This imperative is echoed in today's austere message, where in a memorable image Jesus expresses the no pain, no gain philosophy. "It is easier for a camel to pass through a needle's eye than for a rich person to enter the kingdom of God." The anonymous rich young man was ready for other aspects of discipleship, perhaps: the learning, the travelling, the companionship, but not this stark call to renunciation. The riches and talents of life can block and stultify us unless they are enjoyed in accordance with God's will and in a spirit of service and of sharing with our neighbour. That other haunting statement of Jesus comes back to mind: "Whoever loses his life will save it" (Mark 8:35).
While First Peter is among the most life-affirming documents in the New Testament, it too has more than a hint of the world-renouncing principle. Peter sees the glory of the Risen Jesus transforming us from within, we who have been reborn by baptism into an imperishable inheritance. It looks as if this epistle began as a baptismal homily, possibly in Rome, when entering the outlawed early church carried with it the risk of martyrdom. This risk to one's life and freedom lends special quality to what Peter says about the life-enhancing grace of baptism. Through it we begin a new life, the glorious life of Jesus, a source of extraordinary joy and strength now, a pledge of what is "to be revealed in the last days."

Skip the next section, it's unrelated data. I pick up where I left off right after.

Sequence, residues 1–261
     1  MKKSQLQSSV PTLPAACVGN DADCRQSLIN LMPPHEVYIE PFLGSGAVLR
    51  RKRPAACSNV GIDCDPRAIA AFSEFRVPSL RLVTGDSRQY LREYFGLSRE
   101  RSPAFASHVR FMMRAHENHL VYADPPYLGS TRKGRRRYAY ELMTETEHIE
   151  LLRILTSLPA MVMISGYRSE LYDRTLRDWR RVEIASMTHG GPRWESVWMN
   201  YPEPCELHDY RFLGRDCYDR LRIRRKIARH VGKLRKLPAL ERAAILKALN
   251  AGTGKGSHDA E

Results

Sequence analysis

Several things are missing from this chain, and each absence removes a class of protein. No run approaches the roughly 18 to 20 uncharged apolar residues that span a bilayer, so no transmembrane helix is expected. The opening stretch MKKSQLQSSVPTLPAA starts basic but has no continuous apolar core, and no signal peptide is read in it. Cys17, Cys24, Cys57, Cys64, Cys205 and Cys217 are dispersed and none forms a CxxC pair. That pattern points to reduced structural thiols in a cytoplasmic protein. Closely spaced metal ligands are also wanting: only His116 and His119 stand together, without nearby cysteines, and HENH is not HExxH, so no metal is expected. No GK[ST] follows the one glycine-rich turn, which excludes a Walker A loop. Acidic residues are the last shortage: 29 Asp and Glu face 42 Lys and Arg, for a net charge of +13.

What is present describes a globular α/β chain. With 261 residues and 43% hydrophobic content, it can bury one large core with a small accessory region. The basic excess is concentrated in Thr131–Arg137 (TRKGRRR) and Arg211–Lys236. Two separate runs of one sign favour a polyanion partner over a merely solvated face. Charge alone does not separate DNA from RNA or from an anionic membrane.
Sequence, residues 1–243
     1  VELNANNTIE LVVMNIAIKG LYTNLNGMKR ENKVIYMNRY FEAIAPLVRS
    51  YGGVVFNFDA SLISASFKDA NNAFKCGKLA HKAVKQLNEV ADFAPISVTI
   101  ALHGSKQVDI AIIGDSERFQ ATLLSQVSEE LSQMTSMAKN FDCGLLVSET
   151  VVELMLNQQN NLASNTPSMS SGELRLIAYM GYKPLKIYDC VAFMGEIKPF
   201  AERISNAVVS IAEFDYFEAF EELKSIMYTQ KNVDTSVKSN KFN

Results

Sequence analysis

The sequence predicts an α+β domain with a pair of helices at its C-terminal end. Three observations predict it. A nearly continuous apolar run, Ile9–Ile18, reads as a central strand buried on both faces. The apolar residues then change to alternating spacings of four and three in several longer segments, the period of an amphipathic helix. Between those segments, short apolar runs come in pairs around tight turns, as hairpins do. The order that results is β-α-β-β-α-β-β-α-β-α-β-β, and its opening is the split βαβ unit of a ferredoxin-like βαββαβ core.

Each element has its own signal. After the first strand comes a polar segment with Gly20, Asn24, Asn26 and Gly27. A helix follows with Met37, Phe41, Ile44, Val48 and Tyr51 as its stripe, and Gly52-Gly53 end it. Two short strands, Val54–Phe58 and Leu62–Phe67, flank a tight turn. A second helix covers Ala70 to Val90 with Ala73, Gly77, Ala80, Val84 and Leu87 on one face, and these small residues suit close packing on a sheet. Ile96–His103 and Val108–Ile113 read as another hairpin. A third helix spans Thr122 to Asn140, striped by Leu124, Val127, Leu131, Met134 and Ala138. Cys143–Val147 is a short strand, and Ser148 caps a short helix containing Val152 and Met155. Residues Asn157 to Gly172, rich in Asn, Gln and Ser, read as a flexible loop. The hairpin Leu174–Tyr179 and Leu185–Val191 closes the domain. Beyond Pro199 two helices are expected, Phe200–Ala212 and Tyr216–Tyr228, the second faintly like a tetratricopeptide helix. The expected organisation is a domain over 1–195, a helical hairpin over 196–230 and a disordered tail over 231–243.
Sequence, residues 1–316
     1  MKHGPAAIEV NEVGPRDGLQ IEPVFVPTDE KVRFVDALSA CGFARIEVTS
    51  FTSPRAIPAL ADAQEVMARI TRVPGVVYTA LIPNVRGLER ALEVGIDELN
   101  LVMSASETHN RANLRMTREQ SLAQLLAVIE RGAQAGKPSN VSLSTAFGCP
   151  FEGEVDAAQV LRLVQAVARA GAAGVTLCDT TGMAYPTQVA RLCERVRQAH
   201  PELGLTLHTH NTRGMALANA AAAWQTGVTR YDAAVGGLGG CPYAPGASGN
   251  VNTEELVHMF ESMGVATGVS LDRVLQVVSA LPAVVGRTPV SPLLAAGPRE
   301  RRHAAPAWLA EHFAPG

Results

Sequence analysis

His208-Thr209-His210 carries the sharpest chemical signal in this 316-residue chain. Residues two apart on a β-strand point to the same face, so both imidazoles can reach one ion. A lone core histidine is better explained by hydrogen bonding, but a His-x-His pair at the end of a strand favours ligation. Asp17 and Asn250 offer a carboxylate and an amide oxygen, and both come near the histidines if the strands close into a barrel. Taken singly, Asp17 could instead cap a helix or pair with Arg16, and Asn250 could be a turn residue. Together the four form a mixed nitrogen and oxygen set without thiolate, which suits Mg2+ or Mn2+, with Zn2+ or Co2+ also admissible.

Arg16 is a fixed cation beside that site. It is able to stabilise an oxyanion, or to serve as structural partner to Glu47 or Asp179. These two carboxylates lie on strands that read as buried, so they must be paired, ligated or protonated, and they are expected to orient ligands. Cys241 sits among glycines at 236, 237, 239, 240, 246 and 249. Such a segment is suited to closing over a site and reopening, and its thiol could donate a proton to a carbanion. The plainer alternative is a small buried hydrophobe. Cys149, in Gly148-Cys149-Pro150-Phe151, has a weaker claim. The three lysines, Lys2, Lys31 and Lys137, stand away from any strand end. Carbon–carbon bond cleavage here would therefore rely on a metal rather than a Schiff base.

Sometimes when we ask a question, we can find it difficult to come to terms with the answer. That is the case with the rich man who ran up to Jesus in this morning's gospel with the question, 'What must I do to inherit eternal life?' When Jesus asked him to go beyond the Ten Commandments he had been keeping and to sell all he owned and follow Jesus along the way, he couldn't live with that answer. We are told that he walked away sad. Jesus did not ask everybody he met to sell everything and to journey with him, but he did ask this particular young man. This was this person's particular calling. Like this individual, we can find ourselves faced with a call to do something which seems beyond us. The temptation is to walk away from the challenge, even though to say 'yes' to it would be the path to a fuller life for us.
The Lord can call any one of us beyond where we are; he can call on us to grow in our relationship with him, to be more generous in our response to his presence. We may not be able to answer that call in our own strength, but we will be able to answer it with the Lord's strength. In the gospel reading, Jesus declares that 'everything is possible for God.' When Mary was called to become the mother of Jesus and she hesitated, that was the message she heard. The angel declared to her 'Nothing will be impossible with God.' It is the message we too will hear whenever we seek to answer the Lord's call to us.